Books, Reading, Review
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Ender’s Game

I think I first read Ender’s Game by Orson Scott Card when I was in year 9 or 10 at school. I remember that when I read all the way back then, that I was completely blown away. Twelve years later, my feelings towards this book have definitely not changed – I was completely enthralled and mesmerised by this book, just as much as the first time I read it and I now have a greater appreciation for it.

Cover of "Ender's Game (Ender Quartet)"

Cover of Ender’s Game (Ender Quartet)

Ender Wiggin is a “Third”. Literally, the third child born in his family, in a time on Earth when families are limited to no more than two children, unless they are given special permission from the government. But six year old Ender is no ordinary child. He has been created to be the perfect soldier and one day the perfect leader, for the entire human race is gripped with fear that an alien army, already twice repelled from Earth, will return to finish the job they started. Ender is sent to battle school and he soon learns that the fate of the world as he knows it, does indeed rest on his shoulders.

When you read this book, you forget that Ender is only six when you first meet him. As the  story goes on and he gets older, you forget that the majority of the other people around him are all no older than twelve years of age. The maturity and at times violence of these characters, makes you think you are reading about people in their twenties. Not children, some of whom are young enough to still be learning to read and write. But this is the world of Ender and these children are geniuses, made for the sole purpose of the defense of the human race. I think this particular aspect (children acting older than they are) of the book is particularly relevant now, rather than the many years ago that I originally read it. It’s not often these days that you see a six year old, acting as you did when you yourself were six – these days they have portable gaming devices, iPods (what the hell kind of music do they listen to anyway?) and in extreme cases, mobile phones. It almost seems as though the days of Barbie dolls and toy cars are all but gone. Probably not the message that the author was trying to convey, but the meaning which can be taken out of a good book will change every decade with the times. In another ten years I’ll probably be saying that the book was a great example of the effect that a good preemptive strike would have had in whatever alien war we are involved in. Anyway, I won’t say anymore otherwise I will certainly spoil the book for you.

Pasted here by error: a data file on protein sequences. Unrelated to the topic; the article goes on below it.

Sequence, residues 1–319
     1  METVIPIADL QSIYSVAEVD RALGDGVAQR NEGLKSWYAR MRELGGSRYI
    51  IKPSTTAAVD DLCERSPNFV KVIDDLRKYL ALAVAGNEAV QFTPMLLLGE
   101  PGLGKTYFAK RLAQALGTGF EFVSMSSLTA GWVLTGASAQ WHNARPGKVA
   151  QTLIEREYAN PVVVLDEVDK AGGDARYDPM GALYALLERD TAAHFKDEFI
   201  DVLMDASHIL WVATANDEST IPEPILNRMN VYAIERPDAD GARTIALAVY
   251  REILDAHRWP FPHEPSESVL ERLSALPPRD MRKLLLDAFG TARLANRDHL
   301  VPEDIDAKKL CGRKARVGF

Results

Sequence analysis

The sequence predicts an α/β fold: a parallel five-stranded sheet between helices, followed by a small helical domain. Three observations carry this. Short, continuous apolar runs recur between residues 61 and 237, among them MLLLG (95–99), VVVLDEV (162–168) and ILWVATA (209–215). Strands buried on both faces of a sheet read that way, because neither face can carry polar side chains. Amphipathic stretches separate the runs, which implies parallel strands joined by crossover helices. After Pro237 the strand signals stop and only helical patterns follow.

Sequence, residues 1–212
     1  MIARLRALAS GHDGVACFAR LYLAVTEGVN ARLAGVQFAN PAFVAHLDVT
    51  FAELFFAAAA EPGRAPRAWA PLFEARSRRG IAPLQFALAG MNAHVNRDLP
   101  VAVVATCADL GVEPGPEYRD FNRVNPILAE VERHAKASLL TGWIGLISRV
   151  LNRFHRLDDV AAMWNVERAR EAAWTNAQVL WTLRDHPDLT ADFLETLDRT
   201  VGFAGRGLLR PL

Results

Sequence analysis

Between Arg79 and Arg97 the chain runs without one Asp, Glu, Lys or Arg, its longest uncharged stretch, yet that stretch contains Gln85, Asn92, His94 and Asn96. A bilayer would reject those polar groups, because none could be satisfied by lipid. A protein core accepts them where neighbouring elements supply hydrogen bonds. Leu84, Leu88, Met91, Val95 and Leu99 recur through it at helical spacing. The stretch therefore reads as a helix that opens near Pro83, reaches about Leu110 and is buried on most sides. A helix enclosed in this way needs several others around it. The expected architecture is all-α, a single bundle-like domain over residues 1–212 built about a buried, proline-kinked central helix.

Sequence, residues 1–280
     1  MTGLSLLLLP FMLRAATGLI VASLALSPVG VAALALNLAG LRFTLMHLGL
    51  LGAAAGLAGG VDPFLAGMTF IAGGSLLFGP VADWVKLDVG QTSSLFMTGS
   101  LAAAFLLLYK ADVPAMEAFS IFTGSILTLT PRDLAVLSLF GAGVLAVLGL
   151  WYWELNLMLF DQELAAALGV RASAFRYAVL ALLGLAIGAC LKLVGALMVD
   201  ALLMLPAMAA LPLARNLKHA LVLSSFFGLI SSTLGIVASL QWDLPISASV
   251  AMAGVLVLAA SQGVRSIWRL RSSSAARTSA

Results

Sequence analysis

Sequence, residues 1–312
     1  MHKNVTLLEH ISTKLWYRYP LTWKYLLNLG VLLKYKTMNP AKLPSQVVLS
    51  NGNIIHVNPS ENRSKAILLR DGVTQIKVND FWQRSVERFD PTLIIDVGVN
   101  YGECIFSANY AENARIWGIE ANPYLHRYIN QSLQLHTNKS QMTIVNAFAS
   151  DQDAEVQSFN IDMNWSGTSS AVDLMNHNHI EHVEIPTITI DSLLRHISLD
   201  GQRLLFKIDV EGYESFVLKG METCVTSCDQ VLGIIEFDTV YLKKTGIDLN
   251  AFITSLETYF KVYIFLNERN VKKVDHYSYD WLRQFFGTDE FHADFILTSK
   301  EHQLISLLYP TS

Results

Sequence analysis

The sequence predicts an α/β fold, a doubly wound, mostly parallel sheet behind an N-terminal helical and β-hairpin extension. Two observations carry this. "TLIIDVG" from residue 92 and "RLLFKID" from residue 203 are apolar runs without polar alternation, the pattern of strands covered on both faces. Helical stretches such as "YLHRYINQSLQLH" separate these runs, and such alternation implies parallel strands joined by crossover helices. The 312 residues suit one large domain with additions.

Is Ender the saviour that everyone is looking for? You’ll have to read the book to find out, but it will certainly be worth it and I can guarantee that it won’t take you long to read, as you will not be able to put this book down once you start – and look out for the twist at the end people!

RATING – 10 out of 10. The only word to describe it is amazing. If I was able to narrow all my favourite books down to a list of five, this would certainly make that list.

WHO SHOULD READ IT – Everyone, including you.

WHO YOU’LL LOVE – It’s difficult to not feel any affection for Ender – you’d be inhuman if that was the case. But another favourite of mine who has always stuck with me, is Bean.


1 Comment

  1. Pingback: Booker Award | bitsnbooks

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